In-depth Fair Debt Collection Practices Act (FDCPA) decisions are relatively rare — many of the cases either get dismissed on procedural grounds or settle prior to a court offering an opinion. This, in part, is why the Sixth Circuit’s recently published opinion in Buchanan v. Northland Group, Inc. is so interesting; the opinion offers a deep, fact-based look at an FDCPA case from the Western District of Michigan. It’s also noteworthy that Judge Sutton, who wrote the opinion, delivers a decision on a typically dense topic that is easy to read, boiling down the most important issues written in his characteristic folksy style.
As for the case itself, Esther Buchanan brought suit on behalf of herself and a class of those similarly situated. At issue was a letter Northland Group (collecting on behalf of LVNV) sent her stating how much she owed on a past-due debt and this phrase: “The current creditor is willing to reduce your balance by offering you a settlement.” Buchanan claimed this violated the FDCPA. Judge Sutton’s opinion starts by setting up the central issue of the case:
Northland Group made a “settlement offer” to Esther Buchanan to resolve an unpaid debt without disclosing that the statute of limitations had run on the debt. Claiming that the letter falsely implied that Northland could enforce the debt in court, Buchanan filed a class action on behalf of herself and other similarly situated debtors under the Fair Debt Collection Practices Act. Northland filed a motion to dismiss under Rule 12(b)(6) of the Federal Rules of Civil Procedure, prompting this question: Could this offer plausibly mislead an unsophisticated consumer into thinking her lender could enforce the debt in court?
Northland moved to dismiss, claiming that its letter couldn’t plausibly mislead an unsophisticated consumer as a matter of law. As Judge Sutton pointed out, Buchanan responded by claiming “the case implicated a question of fact—Was the letter misleading?—and required discovery, including with respect to the proposed testimony of Dr. Timothy E. Goldsmith, a professor of psychology who has studied consumers’ attitudes toward time-barred debt and their understanding of communications like this one.” The district court rejected Buchanan’s argument and granted the motion to dismiss.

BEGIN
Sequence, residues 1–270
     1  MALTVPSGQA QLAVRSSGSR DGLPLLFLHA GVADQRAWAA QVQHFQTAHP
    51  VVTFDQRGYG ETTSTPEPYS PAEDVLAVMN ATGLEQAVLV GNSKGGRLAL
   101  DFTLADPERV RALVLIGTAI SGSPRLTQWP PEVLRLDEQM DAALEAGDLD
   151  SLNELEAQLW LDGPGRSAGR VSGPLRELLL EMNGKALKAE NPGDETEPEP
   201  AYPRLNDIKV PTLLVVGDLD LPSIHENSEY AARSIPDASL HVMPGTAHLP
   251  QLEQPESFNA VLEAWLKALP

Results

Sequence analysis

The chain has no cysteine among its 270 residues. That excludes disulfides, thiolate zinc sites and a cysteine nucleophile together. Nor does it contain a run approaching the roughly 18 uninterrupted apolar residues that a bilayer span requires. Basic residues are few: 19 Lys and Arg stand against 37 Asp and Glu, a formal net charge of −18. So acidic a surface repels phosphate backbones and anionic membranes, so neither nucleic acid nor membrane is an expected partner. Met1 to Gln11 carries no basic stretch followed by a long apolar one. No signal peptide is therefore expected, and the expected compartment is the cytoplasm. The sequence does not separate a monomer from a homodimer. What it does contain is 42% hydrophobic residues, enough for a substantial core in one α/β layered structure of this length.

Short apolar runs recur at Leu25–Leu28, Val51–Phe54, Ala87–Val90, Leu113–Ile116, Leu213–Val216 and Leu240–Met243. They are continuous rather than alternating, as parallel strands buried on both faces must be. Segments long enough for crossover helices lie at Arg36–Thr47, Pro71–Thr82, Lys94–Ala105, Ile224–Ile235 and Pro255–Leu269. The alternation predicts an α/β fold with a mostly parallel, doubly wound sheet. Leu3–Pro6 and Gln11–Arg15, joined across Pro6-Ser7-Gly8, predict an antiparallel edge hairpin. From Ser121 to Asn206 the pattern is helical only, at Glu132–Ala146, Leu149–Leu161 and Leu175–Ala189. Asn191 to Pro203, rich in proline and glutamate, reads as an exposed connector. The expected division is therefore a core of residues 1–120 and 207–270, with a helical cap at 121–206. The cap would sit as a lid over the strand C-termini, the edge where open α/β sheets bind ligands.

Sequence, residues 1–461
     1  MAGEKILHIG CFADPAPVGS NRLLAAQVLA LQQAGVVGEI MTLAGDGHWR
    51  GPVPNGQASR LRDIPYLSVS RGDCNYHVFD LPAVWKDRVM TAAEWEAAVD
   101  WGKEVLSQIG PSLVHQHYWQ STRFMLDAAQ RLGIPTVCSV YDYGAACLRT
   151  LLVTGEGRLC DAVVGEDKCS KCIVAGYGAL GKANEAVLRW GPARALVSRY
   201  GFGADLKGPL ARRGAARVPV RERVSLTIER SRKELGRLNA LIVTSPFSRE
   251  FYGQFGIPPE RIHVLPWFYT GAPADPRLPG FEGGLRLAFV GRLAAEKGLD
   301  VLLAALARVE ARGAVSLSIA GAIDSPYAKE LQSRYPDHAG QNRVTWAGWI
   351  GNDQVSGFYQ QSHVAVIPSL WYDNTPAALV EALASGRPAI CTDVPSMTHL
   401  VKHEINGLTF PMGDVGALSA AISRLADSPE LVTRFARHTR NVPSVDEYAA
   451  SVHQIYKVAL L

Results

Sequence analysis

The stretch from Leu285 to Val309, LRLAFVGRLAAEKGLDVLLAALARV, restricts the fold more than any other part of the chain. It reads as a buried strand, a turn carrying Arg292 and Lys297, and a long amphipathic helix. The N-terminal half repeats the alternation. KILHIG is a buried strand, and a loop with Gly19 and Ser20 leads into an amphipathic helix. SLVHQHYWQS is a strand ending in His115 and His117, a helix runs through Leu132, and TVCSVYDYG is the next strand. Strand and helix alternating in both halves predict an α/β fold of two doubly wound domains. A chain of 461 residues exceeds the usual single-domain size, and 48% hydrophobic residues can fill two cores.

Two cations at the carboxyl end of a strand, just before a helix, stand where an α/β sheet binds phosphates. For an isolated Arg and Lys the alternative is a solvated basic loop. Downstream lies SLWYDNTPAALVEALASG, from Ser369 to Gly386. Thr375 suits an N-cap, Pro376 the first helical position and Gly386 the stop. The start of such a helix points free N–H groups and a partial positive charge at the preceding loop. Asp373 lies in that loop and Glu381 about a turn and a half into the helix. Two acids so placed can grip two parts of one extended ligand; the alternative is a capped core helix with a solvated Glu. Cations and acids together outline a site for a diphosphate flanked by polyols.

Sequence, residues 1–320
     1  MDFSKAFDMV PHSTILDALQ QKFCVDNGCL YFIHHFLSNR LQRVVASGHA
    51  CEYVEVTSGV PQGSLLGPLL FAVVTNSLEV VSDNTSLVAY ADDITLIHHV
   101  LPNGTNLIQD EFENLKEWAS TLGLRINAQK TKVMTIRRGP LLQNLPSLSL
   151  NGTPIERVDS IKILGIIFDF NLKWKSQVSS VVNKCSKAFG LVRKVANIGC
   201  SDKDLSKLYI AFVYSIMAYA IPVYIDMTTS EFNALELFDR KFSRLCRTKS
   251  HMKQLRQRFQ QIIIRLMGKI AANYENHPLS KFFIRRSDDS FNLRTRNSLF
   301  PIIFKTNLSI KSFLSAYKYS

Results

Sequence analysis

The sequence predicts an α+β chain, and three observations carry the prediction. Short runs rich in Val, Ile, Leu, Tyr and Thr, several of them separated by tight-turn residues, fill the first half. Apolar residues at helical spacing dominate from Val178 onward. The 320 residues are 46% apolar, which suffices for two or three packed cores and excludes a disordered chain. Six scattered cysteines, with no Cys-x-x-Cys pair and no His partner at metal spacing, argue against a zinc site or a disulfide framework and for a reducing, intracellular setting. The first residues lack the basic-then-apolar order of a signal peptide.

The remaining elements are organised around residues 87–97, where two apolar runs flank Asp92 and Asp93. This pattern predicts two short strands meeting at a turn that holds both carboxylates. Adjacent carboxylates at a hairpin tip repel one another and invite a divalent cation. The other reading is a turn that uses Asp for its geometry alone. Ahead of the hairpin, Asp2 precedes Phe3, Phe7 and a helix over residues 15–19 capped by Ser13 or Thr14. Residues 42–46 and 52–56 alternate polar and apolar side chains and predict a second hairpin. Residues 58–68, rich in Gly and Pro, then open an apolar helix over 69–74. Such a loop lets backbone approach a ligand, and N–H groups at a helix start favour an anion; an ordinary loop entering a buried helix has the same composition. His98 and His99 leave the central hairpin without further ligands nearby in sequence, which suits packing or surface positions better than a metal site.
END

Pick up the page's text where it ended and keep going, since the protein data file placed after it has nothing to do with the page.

A divided Sixth Circuit panel reversed, as Judge Sutton explained, for three reasons. First, Judge Sutton pointed out that whether a letter is misleading is generally a question of fact that should be determined by a jury. Although he acknowledged the possibility of kicking a claim like this out at the pleading stage, he noted that the presumption is in favor of resolving claims at summary judgment at the earliest: “Through it all, the hurdle to proceed from pleading to discovery remains a low one, requiring only that the plaintiff plead a plausible theory of relief.” Second, and to the first point, Buchanan submitted evidence in support of her claims, which gave further credence to her argument that “her theory is sufficiently plausible that she deserves an opportunity to show how.” Third and finally, Judge Sutton wrote that her theory of being misled was at least facially plausible given that, according to most formal and informal meanings of the word “settlement,” its usage could be read to falsely imply that an underlying debt is enforceable in court. Judge Kethledge dissented, primarily because “the mere fact of [a] collection letter is itself no reason to think that a lawsuit might follow close behind.”
As a simple takeaway, dunning letters — depending on the underlying state law — should not use language that could be read to create a legal obligation to pay where one doesn’t otherwise exist. Beyond this, those in the debt collection industry should give this opinion a close scrub to make sure their efforts square with any other more nuanced takeaways from the opinion.